The race is the most popular of its kind in the UK as each year hundreds of thousands of budding Mo Farahs apply to take part, while millions watch on TV. With an economic impact to the capital estimated to be in the hundreds of millions and $313,000 (£210,179) up for grabs in prize money it is also one of the biggest marathons in the world and a part of the "Big Six" World Marathon Majors.
Here is how London compares to the rest of the majors.
London's race is the second most popular in the world with prospective runners, receiving over 170,000 applicants every year. However, the Tokyo Marathon almost receives double that with 300,000 applications for just 35,000 places.
London may attract more applicants than New York, but the wide streets of the Big Apple can cram more sprinters between its skyscrapers. More than 50,564 runners finished the 2014 New York Marathon, making it the biggest, participation-wise, in the world.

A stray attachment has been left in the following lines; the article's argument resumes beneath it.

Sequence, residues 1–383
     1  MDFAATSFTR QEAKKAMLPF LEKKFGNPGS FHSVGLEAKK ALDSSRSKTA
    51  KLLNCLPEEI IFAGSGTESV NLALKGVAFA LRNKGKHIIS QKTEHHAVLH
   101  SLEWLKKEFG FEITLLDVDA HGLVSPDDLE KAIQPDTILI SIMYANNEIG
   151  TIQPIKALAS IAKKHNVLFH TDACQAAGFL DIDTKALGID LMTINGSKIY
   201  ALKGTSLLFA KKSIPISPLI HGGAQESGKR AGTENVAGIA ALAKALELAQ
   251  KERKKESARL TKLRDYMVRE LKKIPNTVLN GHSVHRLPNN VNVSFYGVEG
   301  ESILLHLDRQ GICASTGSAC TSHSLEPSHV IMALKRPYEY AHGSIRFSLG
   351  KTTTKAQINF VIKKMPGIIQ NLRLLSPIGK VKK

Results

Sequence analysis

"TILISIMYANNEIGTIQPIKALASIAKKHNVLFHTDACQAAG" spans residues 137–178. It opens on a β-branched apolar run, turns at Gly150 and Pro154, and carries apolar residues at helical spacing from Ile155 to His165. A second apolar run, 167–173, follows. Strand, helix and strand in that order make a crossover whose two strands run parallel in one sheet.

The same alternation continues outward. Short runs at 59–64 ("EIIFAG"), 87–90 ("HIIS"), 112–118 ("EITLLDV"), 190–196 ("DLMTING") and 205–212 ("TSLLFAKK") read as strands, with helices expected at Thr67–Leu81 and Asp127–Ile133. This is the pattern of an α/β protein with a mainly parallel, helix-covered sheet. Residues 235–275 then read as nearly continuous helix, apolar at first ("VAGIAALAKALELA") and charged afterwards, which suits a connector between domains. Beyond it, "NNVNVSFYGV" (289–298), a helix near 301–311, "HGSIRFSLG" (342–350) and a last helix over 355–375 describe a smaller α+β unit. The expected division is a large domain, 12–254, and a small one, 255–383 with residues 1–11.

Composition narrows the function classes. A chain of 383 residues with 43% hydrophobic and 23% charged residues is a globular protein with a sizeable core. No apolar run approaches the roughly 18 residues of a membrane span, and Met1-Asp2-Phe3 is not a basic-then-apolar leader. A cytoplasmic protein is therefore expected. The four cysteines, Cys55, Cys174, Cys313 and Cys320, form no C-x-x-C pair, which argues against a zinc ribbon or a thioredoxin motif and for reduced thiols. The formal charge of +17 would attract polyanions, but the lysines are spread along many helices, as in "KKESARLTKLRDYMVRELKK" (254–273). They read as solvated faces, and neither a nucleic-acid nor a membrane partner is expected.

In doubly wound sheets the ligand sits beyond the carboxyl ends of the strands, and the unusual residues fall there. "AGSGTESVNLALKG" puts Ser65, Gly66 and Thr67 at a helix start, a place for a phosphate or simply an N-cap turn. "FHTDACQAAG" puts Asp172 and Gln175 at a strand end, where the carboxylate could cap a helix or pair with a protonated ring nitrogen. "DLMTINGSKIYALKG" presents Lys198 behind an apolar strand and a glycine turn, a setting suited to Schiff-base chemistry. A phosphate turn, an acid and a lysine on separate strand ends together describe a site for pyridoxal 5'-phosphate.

Not bad, could do better. Although frustrated drivers in London may feel like the whole world has descended on their preferred route, all bar one of the other "Big Six" marathons had more spectators fill the streets to see the sweaty competitors in action.
We couldn't find any data for Tokyo on this one, yet with almost half the spectators seen for the New York marathon, it was unlikely to see as big an economic impact as the huge $340m (£228m) injected into the local economy for that event. The 2014 London Marathon still added a respectable £110m to the local economy - nothing to be sniffed at.
Another category in which London is dwarfed by its competitors. Around $313,000 will be distributed amongst professional competitors this weekend but the marathons in New York and Boston have closer to $1m up for grabs.
Amount raised for charity
This is where we come into our own. Nowhere raises money for charitable causes quite like London (although, again, data wasn't available for Tokyo). More than £53m was raised for charity by runners in the marathon last year - far more than in any other race.